To which many of my friends replied: well, Ben didn’t live in this day and age. He couldn’t know what we’re facing now. And that’s true. But I’m also reminded of reading the news in the ’90s about some Muslim whacko named Osama bin Laden who declared that he was going to make sure Americans lived in fear on a daily basis as his people did. And here we are in 2013, more than a decade removed from the events of 9/11, and guess what? Bin Laden won. Every time you take your shoes off at the airport, he wins. Every time you allow SWAT troops to storm your house without a warrant because they’re looking for one 19-year-old kid accused of setting of a bomb in Boston, Bin Laden wins. And when we allow the government to tap our phones and monitor our online activity, Bin Laden wins.

“Well, if you’re not doing anything wrong you have nothing to be afraid of,” is the counter — which sounds a lot like something Joseph Goebbels would have spouted. And I’m sorry, but I don’t want to go through life fearing every potential boogeyman that the military-industrial complex foists upon us. Does giving away your freedom — freedoms that our forefathers fought and died for more than 200 years ago for this exact (if differently implemented) reason — actually make you feel safer? Are you THAT afraid of everyone and everything that doesn’t look/think/act like you do?

And how should an honest American who feels the government is violating the Constitution and breaking the law react? Edward Snowden continued a long line of honored whistleblowers this week by outing the NSA program and was swiftly labeled a traitor by so many in power. How did Obama respond? He hasn’t said yet, but remember when candidate Obama in 2008 said that whistleblowers’ “acts of courage and patriotism, which can sometimes save lives and often save taxpayer dollars, should be encouraged rather than stifled”? In 2013, the Justice Department is quickly drawing up charges against Edward Snowden so they can seek extradition from wherever he’s hiding out right now, a not-so-subtle shift in half a decade.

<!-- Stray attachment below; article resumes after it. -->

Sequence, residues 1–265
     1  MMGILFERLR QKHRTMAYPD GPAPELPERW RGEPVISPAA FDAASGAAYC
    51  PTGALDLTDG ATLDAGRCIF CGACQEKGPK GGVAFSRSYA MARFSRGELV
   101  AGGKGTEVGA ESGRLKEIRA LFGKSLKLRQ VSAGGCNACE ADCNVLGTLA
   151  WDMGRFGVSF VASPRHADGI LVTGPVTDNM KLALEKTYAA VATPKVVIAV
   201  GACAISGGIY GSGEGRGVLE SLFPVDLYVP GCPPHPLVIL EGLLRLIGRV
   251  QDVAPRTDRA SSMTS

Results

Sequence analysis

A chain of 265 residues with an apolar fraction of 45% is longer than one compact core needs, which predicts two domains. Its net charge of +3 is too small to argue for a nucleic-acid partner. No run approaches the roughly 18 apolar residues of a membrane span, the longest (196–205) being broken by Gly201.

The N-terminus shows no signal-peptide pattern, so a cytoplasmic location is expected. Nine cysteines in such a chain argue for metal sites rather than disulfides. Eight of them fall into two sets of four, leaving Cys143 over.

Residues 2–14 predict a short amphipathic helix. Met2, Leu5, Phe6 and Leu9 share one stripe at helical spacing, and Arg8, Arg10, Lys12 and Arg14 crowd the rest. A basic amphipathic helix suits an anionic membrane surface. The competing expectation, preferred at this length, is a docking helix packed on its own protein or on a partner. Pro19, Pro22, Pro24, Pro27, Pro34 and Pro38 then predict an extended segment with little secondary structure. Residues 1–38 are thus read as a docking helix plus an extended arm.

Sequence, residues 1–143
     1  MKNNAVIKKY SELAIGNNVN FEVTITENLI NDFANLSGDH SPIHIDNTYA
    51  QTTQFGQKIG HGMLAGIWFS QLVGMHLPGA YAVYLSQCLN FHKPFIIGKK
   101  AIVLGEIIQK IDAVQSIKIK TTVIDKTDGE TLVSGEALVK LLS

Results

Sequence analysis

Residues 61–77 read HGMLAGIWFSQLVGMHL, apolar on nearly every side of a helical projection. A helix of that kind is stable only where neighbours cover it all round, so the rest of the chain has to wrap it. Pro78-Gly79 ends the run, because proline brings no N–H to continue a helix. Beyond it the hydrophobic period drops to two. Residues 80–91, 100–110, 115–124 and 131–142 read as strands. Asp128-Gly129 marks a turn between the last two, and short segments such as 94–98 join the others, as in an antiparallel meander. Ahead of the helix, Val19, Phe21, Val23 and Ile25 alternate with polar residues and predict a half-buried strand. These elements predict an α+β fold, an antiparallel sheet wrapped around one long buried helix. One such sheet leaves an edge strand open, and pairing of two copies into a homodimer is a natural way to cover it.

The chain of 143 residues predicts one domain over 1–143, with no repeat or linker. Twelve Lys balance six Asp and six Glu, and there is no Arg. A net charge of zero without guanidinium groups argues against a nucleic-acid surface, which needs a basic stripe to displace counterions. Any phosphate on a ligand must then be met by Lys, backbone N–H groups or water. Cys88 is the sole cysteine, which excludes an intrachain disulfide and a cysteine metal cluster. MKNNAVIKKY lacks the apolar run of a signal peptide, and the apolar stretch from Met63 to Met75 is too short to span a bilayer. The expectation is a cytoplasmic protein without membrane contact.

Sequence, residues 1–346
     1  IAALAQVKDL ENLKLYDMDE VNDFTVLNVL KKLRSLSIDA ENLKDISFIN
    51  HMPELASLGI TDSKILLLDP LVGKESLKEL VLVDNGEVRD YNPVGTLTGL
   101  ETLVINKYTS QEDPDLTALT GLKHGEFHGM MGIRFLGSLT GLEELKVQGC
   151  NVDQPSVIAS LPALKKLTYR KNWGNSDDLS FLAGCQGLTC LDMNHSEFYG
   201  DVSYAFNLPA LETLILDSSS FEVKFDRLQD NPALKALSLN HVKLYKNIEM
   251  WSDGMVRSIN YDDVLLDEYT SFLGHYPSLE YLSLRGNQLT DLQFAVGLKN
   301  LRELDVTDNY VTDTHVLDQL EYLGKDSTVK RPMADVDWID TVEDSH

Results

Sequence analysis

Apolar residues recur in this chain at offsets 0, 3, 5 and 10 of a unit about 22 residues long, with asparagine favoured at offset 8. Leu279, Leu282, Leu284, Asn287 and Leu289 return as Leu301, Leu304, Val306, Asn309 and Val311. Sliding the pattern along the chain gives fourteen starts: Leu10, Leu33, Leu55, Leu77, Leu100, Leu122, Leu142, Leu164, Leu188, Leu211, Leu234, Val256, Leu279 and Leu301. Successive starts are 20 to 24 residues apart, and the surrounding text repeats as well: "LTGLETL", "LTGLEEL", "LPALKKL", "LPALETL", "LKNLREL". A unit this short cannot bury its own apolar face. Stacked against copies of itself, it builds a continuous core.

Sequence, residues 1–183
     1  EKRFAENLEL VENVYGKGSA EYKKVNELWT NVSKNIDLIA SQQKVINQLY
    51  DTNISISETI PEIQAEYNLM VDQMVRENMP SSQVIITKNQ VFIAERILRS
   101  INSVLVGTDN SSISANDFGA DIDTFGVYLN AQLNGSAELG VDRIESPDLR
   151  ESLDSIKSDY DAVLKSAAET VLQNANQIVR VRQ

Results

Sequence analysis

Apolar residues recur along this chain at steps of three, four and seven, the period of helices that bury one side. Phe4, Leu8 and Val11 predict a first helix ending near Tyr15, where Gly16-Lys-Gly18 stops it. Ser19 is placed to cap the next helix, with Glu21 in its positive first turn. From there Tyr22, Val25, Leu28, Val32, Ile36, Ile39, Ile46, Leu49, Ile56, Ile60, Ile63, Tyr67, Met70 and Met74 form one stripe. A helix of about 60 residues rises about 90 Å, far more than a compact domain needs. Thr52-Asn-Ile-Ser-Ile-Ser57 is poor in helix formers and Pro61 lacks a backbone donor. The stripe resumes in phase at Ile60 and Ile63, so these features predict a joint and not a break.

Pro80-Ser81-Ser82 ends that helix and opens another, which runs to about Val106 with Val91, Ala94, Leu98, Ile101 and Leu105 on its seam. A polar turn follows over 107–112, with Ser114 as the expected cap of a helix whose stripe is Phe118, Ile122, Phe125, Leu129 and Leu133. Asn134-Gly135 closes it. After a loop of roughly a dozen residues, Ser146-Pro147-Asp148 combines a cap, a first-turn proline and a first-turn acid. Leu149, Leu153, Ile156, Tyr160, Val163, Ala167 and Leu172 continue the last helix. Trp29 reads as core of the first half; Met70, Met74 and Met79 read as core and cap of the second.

What’s entertaining in all of this is watching Obama’s apologists fall all over themselves to justify the program — when just a few years ago they were screaming for Bush’s head for the exact same activity. I’m sorry, but criminal activity is criminal activity, no matter which party is initiating it.

Obama came to power promising hope and change. And in 2008, for the first time in my adult life, I was actually optimistic that we could solve some of the grave challenges facing our country and world via the political process. In his first term, he squandered the bully pulpit he’d been granted by trying to make nice with an opposition party that had zero intention of doing anything that might remotely be perceived as having positive consequences. And now, in his second term, we’re realizing that Obama is really just the continuation of the eight years we had under George W. Bush. The policies are the same. The rationale is the same. Are we really so surprised that the outcome is the same?

“Fool me once, shame on you; fool me twice, shame on me.” Consider me shamed, Barack Obama. That you make Bush and Nixon seem legitimate, and that you’ve destroyed any hope so many of us had, is your greatest failure.